Getting to sit in the audience for the entirety of 5-Second Films’ finance-raising YouTube stream was a fascinating lesson in the nerve-wracking business that is a live telecast. Particularly one based around begging anonymous internet folk for money.
For those of you unfamiliar with the particulars of the event, let me give you the lo-cal version: YouTube production crew 5-Second Films is raising money via Kickstarter for a feature-length “slasher” flick based off one of their short films. With 10 days left and $80,000 still to raise, they put on a 4-hour YouTube live stream show comprised of music, comedy and a whole lot of memories, doled out in 5-second clips.
What makes a live stream event so difficult is that, as much as you script and plan, shit happens. Cues get missed, lines get flubbed and acts don’t show. So you start out the event at a sort of glacial pace, stretching every segment, enunciating every word. By the end of it, you’re so pressed for time, the producer is in the back scratching off the non-essential skits so that you have time to accommodate the “headliners.”
And to complicate matters further, 5-Second Films, really intent on hitting a homerun with their broadcast, added in a backstage “murder mystery.” Perhaps it’s only natural, as the film they’re raising money for is called “Dude Bro Party Massacre 3.” But when you’ve got time constraints, trying to shoehorn a whole lot of content into what really is a very small window, becomes a Herculean task. One that could have majestically gone down in flames for all the world to witness. And yet, somehow, those creative bastards pulled it off.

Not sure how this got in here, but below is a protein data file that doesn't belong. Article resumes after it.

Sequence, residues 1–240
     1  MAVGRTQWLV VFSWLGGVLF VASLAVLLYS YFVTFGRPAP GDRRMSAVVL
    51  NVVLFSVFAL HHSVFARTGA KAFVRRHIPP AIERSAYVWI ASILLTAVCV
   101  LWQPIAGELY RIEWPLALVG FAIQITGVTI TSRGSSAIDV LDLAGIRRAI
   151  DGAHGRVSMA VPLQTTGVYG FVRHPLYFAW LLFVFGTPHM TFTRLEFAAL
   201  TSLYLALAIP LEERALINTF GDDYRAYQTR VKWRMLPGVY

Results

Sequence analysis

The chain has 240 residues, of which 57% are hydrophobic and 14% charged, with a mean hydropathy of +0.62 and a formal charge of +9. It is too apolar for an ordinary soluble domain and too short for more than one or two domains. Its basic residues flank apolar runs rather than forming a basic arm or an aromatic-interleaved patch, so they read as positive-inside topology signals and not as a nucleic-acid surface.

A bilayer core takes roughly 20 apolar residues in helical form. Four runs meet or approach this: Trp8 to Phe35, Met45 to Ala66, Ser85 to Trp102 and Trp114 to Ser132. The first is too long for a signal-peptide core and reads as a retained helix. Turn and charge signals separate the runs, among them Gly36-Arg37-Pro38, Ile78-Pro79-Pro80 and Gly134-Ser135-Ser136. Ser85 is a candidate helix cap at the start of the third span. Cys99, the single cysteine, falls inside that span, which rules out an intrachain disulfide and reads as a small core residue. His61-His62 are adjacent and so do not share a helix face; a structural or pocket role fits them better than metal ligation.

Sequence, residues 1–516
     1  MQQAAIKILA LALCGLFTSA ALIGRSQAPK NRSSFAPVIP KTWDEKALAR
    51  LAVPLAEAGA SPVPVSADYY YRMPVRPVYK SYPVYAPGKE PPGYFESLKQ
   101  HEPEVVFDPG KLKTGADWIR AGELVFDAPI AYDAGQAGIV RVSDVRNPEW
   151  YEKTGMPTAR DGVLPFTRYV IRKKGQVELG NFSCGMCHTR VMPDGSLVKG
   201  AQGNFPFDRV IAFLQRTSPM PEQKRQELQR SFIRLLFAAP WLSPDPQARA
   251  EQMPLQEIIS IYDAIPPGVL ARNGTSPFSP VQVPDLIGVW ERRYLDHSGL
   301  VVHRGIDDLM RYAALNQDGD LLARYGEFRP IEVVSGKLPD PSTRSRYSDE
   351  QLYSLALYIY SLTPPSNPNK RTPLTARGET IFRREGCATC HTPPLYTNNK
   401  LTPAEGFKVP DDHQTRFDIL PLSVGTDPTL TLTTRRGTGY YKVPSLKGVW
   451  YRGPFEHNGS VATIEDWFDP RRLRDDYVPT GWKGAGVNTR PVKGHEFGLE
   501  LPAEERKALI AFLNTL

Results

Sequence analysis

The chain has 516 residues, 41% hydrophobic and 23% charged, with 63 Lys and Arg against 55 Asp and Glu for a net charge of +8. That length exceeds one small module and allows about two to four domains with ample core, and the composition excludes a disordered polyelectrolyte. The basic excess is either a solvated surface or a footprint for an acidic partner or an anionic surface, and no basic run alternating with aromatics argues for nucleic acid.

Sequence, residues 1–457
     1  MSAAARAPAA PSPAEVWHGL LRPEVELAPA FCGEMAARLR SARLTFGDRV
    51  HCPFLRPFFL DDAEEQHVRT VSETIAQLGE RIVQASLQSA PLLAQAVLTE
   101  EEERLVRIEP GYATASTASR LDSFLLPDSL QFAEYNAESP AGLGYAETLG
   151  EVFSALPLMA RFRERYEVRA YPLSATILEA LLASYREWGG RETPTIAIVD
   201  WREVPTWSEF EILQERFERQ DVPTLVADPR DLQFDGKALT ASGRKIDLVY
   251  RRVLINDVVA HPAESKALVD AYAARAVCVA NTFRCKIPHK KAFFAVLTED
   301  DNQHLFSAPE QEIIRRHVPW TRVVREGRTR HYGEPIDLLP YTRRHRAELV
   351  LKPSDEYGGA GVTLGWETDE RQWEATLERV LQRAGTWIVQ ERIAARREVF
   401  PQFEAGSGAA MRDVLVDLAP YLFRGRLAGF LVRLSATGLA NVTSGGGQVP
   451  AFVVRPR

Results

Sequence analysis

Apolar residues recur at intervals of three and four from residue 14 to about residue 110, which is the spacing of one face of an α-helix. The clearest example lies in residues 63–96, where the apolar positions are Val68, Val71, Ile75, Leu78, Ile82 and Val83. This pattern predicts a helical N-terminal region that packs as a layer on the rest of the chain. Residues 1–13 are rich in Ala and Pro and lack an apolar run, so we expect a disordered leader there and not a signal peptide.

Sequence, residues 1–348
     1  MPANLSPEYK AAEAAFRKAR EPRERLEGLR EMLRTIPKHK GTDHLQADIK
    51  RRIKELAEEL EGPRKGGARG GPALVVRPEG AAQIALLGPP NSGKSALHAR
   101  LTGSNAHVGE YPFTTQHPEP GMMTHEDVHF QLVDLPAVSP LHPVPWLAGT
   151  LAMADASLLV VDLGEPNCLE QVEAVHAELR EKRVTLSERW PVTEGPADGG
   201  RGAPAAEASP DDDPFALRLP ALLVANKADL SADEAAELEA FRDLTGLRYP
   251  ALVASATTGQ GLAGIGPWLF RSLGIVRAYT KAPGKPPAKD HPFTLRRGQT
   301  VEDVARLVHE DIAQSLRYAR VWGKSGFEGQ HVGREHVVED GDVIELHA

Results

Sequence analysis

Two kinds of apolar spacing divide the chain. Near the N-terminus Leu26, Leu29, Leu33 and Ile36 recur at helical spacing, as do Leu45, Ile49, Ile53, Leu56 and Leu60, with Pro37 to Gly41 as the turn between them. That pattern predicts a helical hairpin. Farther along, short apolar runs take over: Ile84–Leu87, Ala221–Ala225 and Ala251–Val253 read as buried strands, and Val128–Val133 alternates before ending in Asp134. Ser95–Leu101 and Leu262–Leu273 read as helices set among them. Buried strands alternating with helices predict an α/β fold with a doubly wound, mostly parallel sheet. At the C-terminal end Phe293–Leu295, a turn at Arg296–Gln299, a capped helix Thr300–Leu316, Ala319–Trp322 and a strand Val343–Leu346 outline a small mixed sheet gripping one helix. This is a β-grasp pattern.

“We typically work in a tightly-edited post-production universe, so for most of us, doing a live show is very rare,” said Ben Gigli, one of the principals in the 5-Second universe and our de facto contact for the evening. “It’s going very well, exceeding my expectations.”
As we walked with him around the grounds of the Los Angeles-based YouTube Creator Space, Ben admitted that the initial idea was for a 24-hour live event with everybody just getting loopy from exhaustion. But good sense kicked in and the more realistic run time was settled upon.
Speaking finances, he admitted, “We didn’t set any goals specifically for tonight; we just wanted to see what we could do on this. We’ve been taking a very PBS telethon angle — spend some time with the fans, let them see us live, interact with them on Twitter and Facebook. And then, ideally, we’ll raise a whole bunch more money than we normally do in a day.” They came into the telecast with the financial ticker at $120,834. After musical performances by fellow YouTubers Awkward Kids and Animal Raps, plus the comedic stylings of Dan O’Brien from Cracked.com (amongst several other equally funny stand-up acts) and that aforementioned murder mystery, the show wound up running a half hour over, but netting a final evening total of $130,965 — a gain of $10,000. Not bad for four hours spent blending a variety of talents onto two stages and breaking up the craziness with the occasional pre-recorded gag.
From my vantage point, the show wasn’t perfect, but it was fun and interactive, and the off-camera antics of the 5-Second Films crew kept the audience, some of whom donated $60 or more for a ticket, engaged. They’re going to need some skillful fundraising to wrangle the final $70,000 they need (with Kickstarter, if they don’t reach their $200,000, they get none of the money), but Ben assured me it will happen. “We’re not going to be one of these barn-burning Kickstarters that raises, you know, $800,000,” he said — a fitting comment considering that Freddie W. made a special guest appearance on the live stream. “But we’re going to make this movie come hell or high wawa [sigh] — hell or high water.” That’s the breaks of working in live show business, I guess.
You can watch our exclusive behind-the-scenes video of the 5SF event below:
You can donate to their Kickstarter right here.
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